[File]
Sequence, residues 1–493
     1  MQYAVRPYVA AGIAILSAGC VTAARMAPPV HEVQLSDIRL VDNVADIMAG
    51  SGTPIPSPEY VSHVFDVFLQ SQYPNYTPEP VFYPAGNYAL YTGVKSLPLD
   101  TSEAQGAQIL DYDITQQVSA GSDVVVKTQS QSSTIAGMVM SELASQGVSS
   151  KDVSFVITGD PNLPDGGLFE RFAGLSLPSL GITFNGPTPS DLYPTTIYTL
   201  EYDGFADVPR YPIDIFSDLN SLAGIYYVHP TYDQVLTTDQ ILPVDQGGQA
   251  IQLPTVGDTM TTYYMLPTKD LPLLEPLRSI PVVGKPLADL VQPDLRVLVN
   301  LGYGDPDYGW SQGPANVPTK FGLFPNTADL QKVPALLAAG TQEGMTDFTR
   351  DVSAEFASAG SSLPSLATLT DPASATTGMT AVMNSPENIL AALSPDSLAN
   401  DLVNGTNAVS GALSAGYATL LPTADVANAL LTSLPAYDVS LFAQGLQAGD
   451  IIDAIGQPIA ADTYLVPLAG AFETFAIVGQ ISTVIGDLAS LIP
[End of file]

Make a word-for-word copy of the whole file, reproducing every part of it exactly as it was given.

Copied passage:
Sequence, residues 1–493
     1  MQYAVRPYVA AGIAILSAGC VTAARMAPPV HEVQLSDIRL VDNVADIMAG
    51  SGTPIPSPEY VSHVFDVFLQ SQYPNYTPEP VFYPAGNYAL YTGVKSLPLD
   101  TSEAQGAQIL DYDITQQVSA GSDVVVKTQS QSSTIAGMVM SELASQGVSS
   151  KDVSFVITGD PNLPDGGLFE RFAGLSLPSL GITFNGPTPS DLYPTTIYTL
   201  EYDGFADVPR YPIDIFSDLN SLAGIYYVHP TYDQVLTTDQ ILPVDQGGQA
   251  IQLPTVGDTM TTYYMLPTKD LPLLEPLRSI PVVGKPLADL VQPDLRVLVN
   301  LGYGDPDYGW SQGPANVPTK FGLFPNTADL QKVPALLAAG TQEGMTDFTR
   351  DVSAEFASAG SSLPSLATLT DPASATTGMT AVMNSPENIL AALSPDSLAN
   401  DLVNGTNAVS GALSAGYATL LPTADVANAL LTSLPAYDVS LFAQGLQAGD
   451  IIDAIGQPIA ADTYLVPLAG AFETFAIVGQ ISTVIGDLAS LIP